Dinner for One

Back in October I read a post on Chocolate and Zucchini about solo eating and cooking.  The author was interested in what her readers cooked and ate when they were eating alone.  This week, with our husbands out of town, my sister and I had several conversations about this topic.  Carol was cooking pasta with mushrooms, Parmesan cheese, and “lots of garlic”.  I was testing some recipes and ended up one night with cheese fritters and cherry relish.  We both decided, as did many of Chocolate and Zucchini’s readers, that solo dining is a combination of indulgence, comfort, and convenience.  It’s about preparing something nourishing and satisfying.  It could be anything from a simple egg salad sandwich (one of Carol’s favorites), to a salad, or a bowl of noodles.  Maybe you are craving something from a favorite local take-out spot.  It seems that dining alone, for many cooks, is an opportunity for a change from the usual routine.  When Carol and I were children our Father’s job as a policeman required shift work.  It was when Dad was working the 3:00 to 11:00 PM shift, that Mum sometimes took a break from the meat and potatoes meals that were the norm in our house.  It was on one of those evenings that she took us for pizza when the Gondola restaurant opened in our neighborhood.  I remember how I loved the olives in the salad.   One of my favorite meals that Mother reserved for Carol and I was something she called “tuna and peas”.  Essentially a thick bechamel into which she added canned tuna and peas, it was the way she served it that I loved.  Mum would trim the crust from slices of white bread, butter them, and fit them into muffin cups.  Into the oven they would go to toast to a crunchy golden brown.  The tuna and peas would be spooned into a little toast cup and we each had our own dinner for one.  This weekend I have taken the flavors of “tuna and peas”, added pasta and a brightly seasoned bread crumb topping, and made my version of a modern dinner for one.  Here is what I did:

Pasta with Tuna, Peas, and Gremolata Bread Crumbs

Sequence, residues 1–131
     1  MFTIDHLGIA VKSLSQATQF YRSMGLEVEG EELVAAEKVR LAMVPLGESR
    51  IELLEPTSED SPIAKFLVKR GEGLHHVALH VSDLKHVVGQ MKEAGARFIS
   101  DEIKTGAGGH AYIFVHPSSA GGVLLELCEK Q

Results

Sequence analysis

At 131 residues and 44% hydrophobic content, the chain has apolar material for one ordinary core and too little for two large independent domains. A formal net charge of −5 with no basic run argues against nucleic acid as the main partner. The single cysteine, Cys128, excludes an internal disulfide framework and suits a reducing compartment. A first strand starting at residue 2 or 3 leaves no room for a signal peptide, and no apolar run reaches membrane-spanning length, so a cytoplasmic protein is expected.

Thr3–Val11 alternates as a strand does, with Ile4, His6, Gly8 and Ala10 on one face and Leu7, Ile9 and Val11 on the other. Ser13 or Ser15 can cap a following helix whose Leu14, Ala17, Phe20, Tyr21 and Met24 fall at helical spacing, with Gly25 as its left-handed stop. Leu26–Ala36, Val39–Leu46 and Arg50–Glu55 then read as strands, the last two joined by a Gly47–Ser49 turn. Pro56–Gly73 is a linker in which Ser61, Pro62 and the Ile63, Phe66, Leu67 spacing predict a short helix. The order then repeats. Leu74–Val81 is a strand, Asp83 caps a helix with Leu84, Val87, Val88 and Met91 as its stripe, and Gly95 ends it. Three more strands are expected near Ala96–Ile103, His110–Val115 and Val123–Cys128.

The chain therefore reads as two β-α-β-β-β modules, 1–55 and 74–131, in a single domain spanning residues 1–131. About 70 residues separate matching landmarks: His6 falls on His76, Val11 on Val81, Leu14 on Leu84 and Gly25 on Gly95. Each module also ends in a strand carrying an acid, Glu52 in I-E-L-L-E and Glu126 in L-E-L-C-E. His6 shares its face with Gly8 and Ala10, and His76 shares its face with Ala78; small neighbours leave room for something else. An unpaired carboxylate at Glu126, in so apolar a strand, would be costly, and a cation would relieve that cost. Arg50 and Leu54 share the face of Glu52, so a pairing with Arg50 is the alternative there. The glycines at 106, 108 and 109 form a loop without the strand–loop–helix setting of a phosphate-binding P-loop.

makes 1 generous serving
1/4 cup panko bread crumbs (or regular dry bread crumbs)
1 small clove of garlic, finely minced,
1 heaping tablespoon finely chopped fresh parsley
grated zest of 1/2 a small lemon
olive oil
3 ounces best quality canned tuna, drained
1/4 cup frozen peas
a heaping tablespoon finely chopped shallot
1/4 cup dry white wine
1/4 cup heavy cream
a pinch of red pepper flakes
2 to 3 ounces of linguine (depending on how hungry you are and how “saucy” you like your pasta)

Make the gremolata breadcrumbs:  In a small bowl mix the chopped parsley, grated lemon zest, and minced garlic.  In a small skillet, over medium-high heat, toast the panko crumbs in a teaspoon or so of olive oil until golden brown and crispy.  Allow to cool then toss with the parsley, lemon, and garlic.  Set aside.   In a saucepan large enough to hold the cooked pasta, heat a teaspoon of olive oil.  Saute the chopped shallot to soften, but do not brown.  Add the white wine and let it bubble away to reduce by about half.  Add the cream and the peas, season with a pinch of red pepper, and simmer gently to heat the peas.  Flake the tuna into the sauce and set aside while you cook the pasta.  Bring a large pot of salted water to a boil.  Add the pasta and cook until al dente or just tender to bite.   Drain the pasta, add it to the pot with the sauce and gently heat and toss everything together.  Plate the pasta in your favorite pasta bowl and garnish generously with the gremolata crumbs (there will be leftover crumbs; they are great sprinkled over salad or roasted vegetables).  Enjoy with a glass of wine, a favorite book or movie, and the pleasure of your own company.

                

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